The game within the game at every NBA All-Star contest is the battle for the MVP award.
The obvious choices for the 2014 version would be Kevin Durant from the Western Conference and LeBron James from the Eastern Conference. Durant and James have made the NBA their personal playground this season and have essentially turned the MVP race for the entire season into a two-man competition.
Turner Sports’ PR Department alerts us to something that could be television gold if it happens:
However, just because Durant and James are playing at a different level right now doesn’t mean one of them is definitely going to win the All-Star game MVP. There are plenty of dark-horse candidates who could take home the coveted award.
The reality is that it likely won’t go to a big guy because winning the All-Star MVP is just as much about touches as it is ability. In an exhibition game that is all about showing off for three quarters, the guards aren’t exactly looking to establish the post game.
So who are some of those dark-horse candidates to win the MVP in Sunday’s game?
Few players in the entire league have been as hot as Stephen Curry lately, as evidenced by his nightly averages in the last 10 games of 29.1 points and 8.2 assists behind 54.6 percent shooting from the field.
He also leads the NBA in three-pointers made at 171.
It isn’t much of a stretch to see someone getting hot in the All-Star game from downtown and racking up the points in a hurry. If that is going to happen, there isn’t a better candidate than Curry.
It's kind of just a surreal feeling. I saw Kobe come on the screen and you knew that next person on the screen was going to be me or I was going to get left off that list. Just when I saw my name it was a real emotional kind of experience and glad my wife and daughter were here to watch it with me.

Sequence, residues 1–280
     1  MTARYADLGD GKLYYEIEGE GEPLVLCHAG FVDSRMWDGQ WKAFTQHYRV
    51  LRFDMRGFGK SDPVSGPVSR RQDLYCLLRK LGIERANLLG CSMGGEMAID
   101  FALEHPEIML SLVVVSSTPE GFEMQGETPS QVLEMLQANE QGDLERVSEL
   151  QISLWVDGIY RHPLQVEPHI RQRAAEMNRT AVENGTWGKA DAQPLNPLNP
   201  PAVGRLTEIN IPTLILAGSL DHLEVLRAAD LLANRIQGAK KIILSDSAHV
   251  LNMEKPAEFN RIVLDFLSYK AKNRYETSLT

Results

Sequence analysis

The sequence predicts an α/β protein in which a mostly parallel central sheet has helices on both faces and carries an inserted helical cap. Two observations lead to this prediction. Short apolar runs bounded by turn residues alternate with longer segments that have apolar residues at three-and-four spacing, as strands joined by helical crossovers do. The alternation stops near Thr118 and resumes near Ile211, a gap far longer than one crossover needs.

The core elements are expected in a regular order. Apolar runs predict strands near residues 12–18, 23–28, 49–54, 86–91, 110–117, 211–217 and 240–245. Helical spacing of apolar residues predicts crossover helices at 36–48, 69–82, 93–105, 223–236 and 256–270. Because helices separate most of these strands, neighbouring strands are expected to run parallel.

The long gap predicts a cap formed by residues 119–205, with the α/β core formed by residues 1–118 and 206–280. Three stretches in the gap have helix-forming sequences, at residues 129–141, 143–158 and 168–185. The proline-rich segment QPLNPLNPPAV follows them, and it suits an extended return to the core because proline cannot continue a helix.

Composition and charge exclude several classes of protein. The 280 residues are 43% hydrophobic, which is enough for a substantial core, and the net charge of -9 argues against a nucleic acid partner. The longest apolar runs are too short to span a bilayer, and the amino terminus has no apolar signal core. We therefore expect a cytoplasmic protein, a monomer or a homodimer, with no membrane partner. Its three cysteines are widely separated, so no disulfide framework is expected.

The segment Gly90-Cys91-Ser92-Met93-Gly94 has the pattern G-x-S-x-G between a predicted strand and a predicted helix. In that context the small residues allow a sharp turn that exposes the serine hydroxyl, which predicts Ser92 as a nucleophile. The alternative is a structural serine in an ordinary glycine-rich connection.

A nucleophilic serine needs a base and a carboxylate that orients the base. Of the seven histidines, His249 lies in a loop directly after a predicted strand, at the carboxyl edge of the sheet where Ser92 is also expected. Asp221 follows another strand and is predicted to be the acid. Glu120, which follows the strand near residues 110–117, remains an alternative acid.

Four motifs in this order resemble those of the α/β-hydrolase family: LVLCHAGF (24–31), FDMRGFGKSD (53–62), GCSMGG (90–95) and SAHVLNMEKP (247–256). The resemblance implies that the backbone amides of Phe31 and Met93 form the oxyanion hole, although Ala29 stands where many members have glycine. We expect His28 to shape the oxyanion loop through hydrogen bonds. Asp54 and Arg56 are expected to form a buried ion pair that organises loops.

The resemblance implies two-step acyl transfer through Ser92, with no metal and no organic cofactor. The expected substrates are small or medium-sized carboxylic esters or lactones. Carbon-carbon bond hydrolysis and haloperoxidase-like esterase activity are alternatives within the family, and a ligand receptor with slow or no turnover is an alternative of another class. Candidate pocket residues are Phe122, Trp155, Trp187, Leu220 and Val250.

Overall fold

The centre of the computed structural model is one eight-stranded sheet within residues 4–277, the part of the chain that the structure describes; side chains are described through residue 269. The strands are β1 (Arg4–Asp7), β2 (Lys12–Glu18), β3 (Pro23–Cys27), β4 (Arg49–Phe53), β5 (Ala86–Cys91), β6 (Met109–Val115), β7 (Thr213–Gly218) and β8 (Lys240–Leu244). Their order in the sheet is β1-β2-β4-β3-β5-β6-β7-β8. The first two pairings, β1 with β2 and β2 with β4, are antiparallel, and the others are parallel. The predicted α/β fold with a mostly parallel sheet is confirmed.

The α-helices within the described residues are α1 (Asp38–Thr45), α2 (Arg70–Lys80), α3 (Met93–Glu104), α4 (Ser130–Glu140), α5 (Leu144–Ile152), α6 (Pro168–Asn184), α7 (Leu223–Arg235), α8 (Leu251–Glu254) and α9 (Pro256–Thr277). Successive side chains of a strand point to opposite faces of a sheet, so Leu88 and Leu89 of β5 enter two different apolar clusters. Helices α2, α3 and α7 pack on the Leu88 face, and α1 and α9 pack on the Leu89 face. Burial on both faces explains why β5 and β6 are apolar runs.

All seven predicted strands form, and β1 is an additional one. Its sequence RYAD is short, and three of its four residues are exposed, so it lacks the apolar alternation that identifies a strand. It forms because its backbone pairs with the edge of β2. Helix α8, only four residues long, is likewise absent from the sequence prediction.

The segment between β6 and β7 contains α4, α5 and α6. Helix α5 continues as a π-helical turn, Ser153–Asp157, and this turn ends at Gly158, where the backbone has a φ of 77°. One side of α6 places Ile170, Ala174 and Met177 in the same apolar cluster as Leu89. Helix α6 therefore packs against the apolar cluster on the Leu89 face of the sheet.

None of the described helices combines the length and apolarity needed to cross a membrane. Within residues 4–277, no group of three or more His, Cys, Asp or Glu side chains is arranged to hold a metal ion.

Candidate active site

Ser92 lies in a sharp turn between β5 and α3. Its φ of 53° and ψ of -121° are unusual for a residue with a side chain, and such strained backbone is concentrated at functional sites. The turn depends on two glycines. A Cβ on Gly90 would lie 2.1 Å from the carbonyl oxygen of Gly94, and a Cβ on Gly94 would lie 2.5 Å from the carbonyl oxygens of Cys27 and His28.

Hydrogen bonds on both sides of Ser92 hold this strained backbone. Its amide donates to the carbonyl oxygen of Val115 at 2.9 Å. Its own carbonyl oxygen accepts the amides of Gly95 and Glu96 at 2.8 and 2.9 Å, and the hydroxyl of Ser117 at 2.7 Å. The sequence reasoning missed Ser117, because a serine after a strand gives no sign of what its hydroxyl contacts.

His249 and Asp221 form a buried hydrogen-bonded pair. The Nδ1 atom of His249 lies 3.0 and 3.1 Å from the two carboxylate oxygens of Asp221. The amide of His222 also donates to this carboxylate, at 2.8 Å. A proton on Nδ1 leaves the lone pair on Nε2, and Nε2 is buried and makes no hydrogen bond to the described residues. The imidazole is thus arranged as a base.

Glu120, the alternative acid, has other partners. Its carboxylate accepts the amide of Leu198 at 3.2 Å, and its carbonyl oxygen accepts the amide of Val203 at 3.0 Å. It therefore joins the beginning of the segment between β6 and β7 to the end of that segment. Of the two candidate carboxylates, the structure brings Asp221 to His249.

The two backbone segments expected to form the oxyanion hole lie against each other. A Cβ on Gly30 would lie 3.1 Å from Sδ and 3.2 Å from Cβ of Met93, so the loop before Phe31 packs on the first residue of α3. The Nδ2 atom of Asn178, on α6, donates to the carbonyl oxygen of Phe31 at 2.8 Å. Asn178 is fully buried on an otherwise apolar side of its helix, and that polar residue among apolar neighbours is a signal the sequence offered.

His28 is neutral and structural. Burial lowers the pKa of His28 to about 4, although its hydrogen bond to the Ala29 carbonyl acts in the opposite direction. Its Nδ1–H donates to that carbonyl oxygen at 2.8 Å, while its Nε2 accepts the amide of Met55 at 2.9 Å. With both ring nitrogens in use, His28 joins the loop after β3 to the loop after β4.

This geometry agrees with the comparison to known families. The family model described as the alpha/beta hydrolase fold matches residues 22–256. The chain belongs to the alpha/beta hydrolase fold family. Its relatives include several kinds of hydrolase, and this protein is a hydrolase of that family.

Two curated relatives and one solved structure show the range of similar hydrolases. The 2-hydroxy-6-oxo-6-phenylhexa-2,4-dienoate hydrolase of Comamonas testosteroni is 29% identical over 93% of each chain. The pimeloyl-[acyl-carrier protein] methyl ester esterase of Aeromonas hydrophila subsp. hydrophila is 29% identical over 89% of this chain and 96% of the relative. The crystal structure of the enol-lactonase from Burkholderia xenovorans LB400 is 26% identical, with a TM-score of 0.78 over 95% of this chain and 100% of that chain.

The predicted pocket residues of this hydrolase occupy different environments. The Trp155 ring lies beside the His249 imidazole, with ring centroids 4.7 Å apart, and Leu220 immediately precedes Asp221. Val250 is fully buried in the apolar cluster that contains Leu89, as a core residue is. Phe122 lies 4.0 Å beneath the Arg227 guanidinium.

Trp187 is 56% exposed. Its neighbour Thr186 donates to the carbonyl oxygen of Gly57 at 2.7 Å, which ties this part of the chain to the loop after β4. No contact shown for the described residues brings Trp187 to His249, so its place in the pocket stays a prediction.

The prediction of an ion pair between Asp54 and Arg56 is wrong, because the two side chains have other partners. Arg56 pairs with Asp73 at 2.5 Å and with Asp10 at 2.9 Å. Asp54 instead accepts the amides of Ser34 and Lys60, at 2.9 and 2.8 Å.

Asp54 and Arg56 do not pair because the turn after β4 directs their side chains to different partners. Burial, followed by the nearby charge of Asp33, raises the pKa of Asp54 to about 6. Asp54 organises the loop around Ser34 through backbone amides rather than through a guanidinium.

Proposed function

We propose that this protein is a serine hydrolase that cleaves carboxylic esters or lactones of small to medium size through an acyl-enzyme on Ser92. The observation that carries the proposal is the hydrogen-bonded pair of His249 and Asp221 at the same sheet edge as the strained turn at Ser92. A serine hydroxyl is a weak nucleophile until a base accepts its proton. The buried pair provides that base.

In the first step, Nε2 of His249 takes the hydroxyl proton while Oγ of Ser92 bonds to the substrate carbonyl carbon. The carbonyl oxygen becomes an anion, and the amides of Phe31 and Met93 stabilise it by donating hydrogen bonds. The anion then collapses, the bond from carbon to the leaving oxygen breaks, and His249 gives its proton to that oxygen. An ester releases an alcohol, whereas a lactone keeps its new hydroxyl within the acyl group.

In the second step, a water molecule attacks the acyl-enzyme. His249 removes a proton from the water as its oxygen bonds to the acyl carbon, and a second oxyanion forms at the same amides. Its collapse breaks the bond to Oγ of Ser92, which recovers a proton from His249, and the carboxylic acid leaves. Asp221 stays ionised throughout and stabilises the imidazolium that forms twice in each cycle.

If Curry hits four or five three-pointers, look for his Western Conference teammates to start feeding him.
If Curry is going to win the MVP it will likely be on the back of his shooting, but don’t overlook his underrated passing abilities. He is averaging nine assists a game for a reason, and with so many talented teammates in this game, he should pick up a number of dimes.
The argument could be made that John Wall should be starting at guard for the Eastern Conference instead of an injury-plagued Dwyane Wade or Kyrie Irving, who hasn’t exactly led his Cleveland Cavaliers team to new heights as its superstar.
Look for Wall to use that slight to motivate his play during the All-Star game.
He is posting nightly averages of 19.8 points, 8.5 assists, 4.3 rebounds, and two steals and has the athleticism and speed that will come in handy with the numerous transition opportunities that come in every All-Star game.
As a capable passer, Wall will set up his talented teammates in this game in much the same way Curry will. What’s more, don’t be surprised in the fourth quarter when players start to play defense if Wall isn’t in there showing the NBA world why he averages two steals a game.
Despite the earlier comments about a big guy winning the All-Star game MVP, Blake Griffin is not your prototypical post-up man.
In fact, All-Star games were built for players like Griffin.
He gets out in transition and throws down plenty of jaw-dropping dunks. Every guard on the Western Conference roster will be chomping at the bit to get on SportsCenter by throwing an alley-oop pass to Griffin.
Griffin has been on an absolute tear in February as Chris Paul battled back from injury. He is averaging 33.7 points and 11 rebounds a night this month and will bring some of that renewed production to New Orleans during the All-Star game.
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